GoGoGo Airheart: Love My Life, Hate My Friends

Gogogo Airheart
Love My Life, Hate My Friends
Gold Standard Laboratories

If anyone stumbles across San Diego-based quartet GoGoGo Airheart, see if you can wheedle upcoming lotto numbers out of them, because these guys can see into the future. What else can explain the air of eerie prescience surrounding their recently re-issued (and for the first time on CD), Love My Life, Hate My Friends? Recorded back in the halcyon days of 1998, and originally released on San Diego’s Vinyl Communications label, Love My Life manages to incorporate elements of electroclash, garage, and NYC art skronk while Fischerspooner was a gaudy twinkle in Warren and Casey’s mascara-lined eyes and Karen O was just another coed at Oberlin. Had Love My Life been given a full-out, proper release back in 1998, I’d either be here now making a tree-falls-in-the-woods joke or we’d be heralding GGGAH as the granddaddies of the current NYC art scene. (Which, in and of itself, ain’t bad for some dudes from San Diego.) As it is, in the much-less-halcyon days of mid-2003, they’re just another arty, post-punk band trying to be heard in the din.

Of course, they have to overcome their own noise. Album opener “No Language (Before Its Time)” may make for an interesting linguistic/anthropological statement, but GGGAH — bassist A. Vyas, guitarist/vocalist Michael Vermilion, drummer J Hough, and guitarist/keyboardist Benjamin White — envision the theory as what sounds to be five different songs at once. That may be part of the song title’s joke, but only Vermilion’s yowling and White’s angular, lo-fi guitar jabs hint at extrication from the primordial ooze. Fortunately, most of Love My Life isn’t as abrasive as its opener; five years ago, the band must’ve realized that most people in the future would only be able to stand small doses of art punk. Ha.

It’s not until the middle of the album where the band finds their proto-electro groove. If you’re not suspecting it, and songs like “No Language” and the Camper Van Beethoven-esque (!) violin and saw of “First among Equals” give no indication of the band’s keyboard-driven aspirations, the sonic change is a near U-turn of Love My Life‘s musical path. It takes a moment to get acclimated to the jagged keyboard beat of “How I Feel Tried”, coupled with Vermilion’s less-anguished vocals and an overall comparative sterility. Yes, the song is guilty of running long (seven minutes), but a) it’s more focused than the noise that has preceded it; and b) it’s clear the band is having fun just messing around in the studio. Meanwhile, “When Introductions Begin” is the funkier cousin to “How I Feel Tried” and “Reaction Atria, Pts 1 & 2” finds surf and disco undertones finding their way into the electro scene. It’s a challenging listen at times, to be sure, but the strength of the album’s middle third is not to be denied.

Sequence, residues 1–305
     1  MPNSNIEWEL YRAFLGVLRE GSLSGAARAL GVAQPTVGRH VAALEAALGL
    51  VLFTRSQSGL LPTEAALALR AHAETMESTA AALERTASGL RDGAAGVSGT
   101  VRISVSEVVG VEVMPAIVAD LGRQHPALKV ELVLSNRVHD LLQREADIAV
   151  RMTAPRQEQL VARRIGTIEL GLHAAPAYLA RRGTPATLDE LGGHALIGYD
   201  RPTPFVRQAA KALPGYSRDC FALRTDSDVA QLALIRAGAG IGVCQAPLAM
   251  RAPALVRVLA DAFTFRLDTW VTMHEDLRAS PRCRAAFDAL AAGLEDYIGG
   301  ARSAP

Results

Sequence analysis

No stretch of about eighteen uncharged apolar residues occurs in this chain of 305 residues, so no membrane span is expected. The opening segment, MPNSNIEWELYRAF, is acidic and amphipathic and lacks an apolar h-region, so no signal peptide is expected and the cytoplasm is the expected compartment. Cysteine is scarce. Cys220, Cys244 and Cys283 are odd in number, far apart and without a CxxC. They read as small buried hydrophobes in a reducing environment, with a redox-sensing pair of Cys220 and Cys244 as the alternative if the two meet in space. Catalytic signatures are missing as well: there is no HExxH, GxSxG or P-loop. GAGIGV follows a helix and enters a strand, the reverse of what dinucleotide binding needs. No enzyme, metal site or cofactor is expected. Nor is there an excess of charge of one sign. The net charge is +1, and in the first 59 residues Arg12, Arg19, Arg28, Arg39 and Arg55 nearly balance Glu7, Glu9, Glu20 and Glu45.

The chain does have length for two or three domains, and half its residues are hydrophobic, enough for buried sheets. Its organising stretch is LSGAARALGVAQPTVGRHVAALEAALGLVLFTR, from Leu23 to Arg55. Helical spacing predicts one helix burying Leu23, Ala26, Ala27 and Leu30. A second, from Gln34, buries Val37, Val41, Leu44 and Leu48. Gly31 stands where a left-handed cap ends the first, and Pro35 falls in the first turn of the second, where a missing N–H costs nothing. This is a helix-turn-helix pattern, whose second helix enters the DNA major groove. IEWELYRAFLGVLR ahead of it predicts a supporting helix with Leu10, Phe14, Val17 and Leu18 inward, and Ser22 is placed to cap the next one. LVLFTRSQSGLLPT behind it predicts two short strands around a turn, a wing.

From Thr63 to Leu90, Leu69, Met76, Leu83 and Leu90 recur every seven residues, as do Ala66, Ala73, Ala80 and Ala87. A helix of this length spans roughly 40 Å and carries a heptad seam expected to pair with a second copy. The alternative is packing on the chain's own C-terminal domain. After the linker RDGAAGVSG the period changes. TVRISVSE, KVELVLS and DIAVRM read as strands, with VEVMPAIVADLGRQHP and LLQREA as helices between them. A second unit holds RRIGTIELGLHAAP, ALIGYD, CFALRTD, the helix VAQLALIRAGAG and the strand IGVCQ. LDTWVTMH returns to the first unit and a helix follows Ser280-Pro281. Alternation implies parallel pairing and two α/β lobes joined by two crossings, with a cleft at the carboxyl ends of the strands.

It’s a matter of one’s cynicism, then, whether Love My Life ends as a let down or merely a cool down. “The Correct Handling of Contradiction” attempts to fuse the band’s angular art rock with the electro, but I’m afraid the song is mistitled; the noise wins out. “Rebirth” doesn’t fit the album by dint of being Love My Life‘s cleanest-sounding track. The oldest song that appears here, GGGAH hadn’t quite solidified their musical recipe; it’s a decent baby photo of the band, though. And again, depending on one’s point of view and how much enjoyment the preceding songs provided, album closer “Ever Since I Was Young” is either the culmination of the band’s vision, or it’s ambiguous wanking. Between the slow-building keyboard, the ambient noise of a restaurant (low murmurs, knives scraping china) and the overall loose song structure, it’s both undeniably a GoGoGo Airheart tune and unlike anything else on the record.

While hardly inventors of electroclash or predictors of the NYC art punk rebirth, Love My Life, Hate My Friends nevertheless proves that something was blowin’ in the wind as early as 1998. But prescience does not an album make; it’s the songs, and Love My Life‘s songs still sound fresh five years later; they’ll last until at least electroclash’s expiration date.